As per the law, any trade or export of soil is prohibited, and only the excretion of minerals or exportation of low amounts of soil for research purposes is excluded after meeting the legal process.

Soil protection awaiting funds

The FRWMO has achieved almost 50 percent of its goals in the Sixth Development Plan on controlling wind erosion hotspots, Mojabi stated.

He went on to note that of course, it can be said that this organization did not have enough funds to fully contain the issue, which means that with sufficient funds, we could significantly reduce soil erosion in the country.

In general, it can be said that Iran is moving towards curbing soil depletion at a very slow pace which is still far from the global average, he lamented, highlighting that hence, one of the most important points to be addressed in the Seventh Development Plan is the control of soil erosion.

More attention is required to be paid to this issue in the seventh plan as well as the required funds so that we are able to reduce soil erosion by one ton per hectare annually, he further emphasized.

Moreover, an accurate atlas of wind erosion hotspots is needed according to climate change and flash floods map so that we can take effective action at the right time, he suggested.

He also emphasized that land-use-change should be stopped especially on agricultural lands with fertile soils.

Soil importance

Kioumars Kalantari, head of the natural environment and biodiversity of the Department of Environment, said in December 2020 that “rich biodiversity and organism of soil, by storing more and better carbon, reduce greenhouse gases that cause climate change and global warming.

There are about 3,000 billion tons of carbon in the soil, which is about 315 times the amount of carbon currently released into the Earth’s atmosphere.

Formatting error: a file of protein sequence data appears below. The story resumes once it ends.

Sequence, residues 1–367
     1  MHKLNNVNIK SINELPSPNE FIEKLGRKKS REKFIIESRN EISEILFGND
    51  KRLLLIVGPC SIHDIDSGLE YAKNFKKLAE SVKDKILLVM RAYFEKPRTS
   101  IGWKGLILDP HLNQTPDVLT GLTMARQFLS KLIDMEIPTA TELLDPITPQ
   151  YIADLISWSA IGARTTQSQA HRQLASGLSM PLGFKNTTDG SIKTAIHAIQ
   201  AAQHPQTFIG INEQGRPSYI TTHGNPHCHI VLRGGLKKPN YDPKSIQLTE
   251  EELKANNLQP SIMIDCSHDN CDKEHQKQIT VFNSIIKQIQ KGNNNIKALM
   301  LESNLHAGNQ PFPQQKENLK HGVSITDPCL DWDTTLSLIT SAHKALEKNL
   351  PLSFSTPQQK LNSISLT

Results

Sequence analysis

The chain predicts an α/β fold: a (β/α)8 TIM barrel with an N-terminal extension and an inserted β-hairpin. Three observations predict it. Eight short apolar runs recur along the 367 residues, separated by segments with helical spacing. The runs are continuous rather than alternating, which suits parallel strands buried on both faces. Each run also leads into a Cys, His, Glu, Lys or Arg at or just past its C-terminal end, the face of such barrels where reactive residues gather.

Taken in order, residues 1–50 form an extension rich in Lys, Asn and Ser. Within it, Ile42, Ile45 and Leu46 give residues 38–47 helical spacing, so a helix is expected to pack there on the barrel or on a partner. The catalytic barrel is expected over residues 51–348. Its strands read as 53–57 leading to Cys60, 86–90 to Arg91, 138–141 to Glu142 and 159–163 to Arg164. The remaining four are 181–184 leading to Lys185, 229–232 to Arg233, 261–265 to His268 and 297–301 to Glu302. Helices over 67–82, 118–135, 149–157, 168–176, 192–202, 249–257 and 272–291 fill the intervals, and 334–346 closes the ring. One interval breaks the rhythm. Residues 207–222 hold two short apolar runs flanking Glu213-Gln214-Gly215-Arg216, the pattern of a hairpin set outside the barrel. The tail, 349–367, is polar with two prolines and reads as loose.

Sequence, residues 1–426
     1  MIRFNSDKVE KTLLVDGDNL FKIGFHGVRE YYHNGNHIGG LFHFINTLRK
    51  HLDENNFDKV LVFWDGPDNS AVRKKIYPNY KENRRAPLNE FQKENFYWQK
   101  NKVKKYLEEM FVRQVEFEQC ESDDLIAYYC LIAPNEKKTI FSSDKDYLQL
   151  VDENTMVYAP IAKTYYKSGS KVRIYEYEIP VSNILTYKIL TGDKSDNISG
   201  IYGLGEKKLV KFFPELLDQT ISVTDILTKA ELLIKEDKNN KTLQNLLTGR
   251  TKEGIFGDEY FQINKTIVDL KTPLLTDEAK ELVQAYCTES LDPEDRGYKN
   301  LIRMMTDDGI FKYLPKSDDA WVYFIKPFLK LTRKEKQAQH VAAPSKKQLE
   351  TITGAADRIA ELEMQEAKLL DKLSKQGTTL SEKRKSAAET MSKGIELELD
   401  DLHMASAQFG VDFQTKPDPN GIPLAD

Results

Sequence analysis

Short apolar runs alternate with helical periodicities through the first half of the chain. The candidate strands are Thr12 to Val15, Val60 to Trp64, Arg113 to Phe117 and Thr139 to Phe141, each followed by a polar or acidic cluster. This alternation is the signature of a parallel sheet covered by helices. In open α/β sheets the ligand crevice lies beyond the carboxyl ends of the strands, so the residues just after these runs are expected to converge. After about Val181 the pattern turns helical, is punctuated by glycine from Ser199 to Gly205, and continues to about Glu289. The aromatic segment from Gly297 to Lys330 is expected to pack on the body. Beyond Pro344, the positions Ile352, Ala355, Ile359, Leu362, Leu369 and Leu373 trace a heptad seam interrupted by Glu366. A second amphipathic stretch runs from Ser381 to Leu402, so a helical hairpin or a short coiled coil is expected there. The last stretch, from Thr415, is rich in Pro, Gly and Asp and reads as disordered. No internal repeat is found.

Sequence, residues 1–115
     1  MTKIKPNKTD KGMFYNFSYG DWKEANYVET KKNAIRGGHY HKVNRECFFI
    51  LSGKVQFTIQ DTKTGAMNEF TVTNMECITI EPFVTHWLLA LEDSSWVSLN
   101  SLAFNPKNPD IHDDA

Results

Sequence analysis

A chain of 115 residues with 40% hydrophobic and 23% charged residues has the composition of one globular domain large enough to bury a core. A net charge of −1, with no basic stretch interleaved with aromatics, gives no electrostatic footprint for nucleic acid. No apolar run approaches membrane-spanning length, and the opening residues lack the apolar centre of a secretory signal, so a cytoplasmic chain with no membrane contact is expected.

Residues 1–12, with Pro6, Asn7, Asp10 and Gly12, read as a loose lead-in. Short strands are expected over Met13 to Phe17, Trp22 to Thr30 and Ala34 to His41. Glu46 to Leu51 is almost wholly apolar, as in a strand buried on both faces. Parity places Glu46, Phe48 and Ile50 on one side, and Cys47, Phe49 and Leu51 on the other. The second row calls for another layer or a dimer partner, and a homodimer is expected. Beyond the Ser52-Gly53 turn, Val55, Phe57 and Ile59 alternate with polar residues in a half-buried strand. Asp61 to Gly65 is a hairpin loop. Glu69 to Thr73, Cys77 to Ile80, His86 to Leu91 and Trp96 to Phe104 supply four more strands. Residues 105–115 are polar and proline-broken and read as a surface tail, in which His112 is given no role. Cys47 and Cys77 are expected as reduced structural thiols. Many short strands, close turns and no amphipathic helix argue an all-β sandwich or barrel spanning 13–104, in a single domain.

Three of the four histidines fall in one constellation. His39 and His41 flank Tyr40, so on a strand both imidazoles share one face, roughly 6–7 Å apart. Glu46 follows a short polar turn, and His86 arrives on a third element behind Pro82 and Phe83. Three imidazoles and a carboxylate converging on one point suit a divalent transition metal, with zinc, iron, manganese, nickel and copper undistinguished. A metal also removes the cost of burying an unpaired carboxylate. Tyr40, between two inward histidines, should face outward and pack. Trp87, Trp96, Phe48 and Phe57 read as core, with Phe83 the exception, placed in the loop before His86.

One of the things that makes soil such a fundamental component of climate change is its long-term storage capacity of carbon, carbon can only live for 1 or 2 years if left on the surface, while can survive for hundreds or even thousands of years in the soil.

Carbon, in combination with soil minerals, is stabilized and will not be able to return to the Earth’s atmosphere as greenhouse gases.”

In addition, soil that stores large amounts of carbon is healthy, fertile and flexible, and is able to retain large amounts of water and nutrients, so to maintain soil health, it should not be contaminated in the first place and with new methods of crop and agricultural management increase the biological potential and health of the soil to preserve the components of biodiversity, genetic resources, and human health, he emphasized.

In the current situation, along with climate change, there are two important challenges globally, he noted, adding, at the national level, unfortunately, Iran is facing severe soil erosion.

Soil protection ensures the country’s food security, environmental health, biodiversity conservation, climate balance, and sustainable development, and we all need to have a correct understanding of the high values of soil in terms of planning, policy, conservation, as well as raising public awareness and protect it for present and future generations.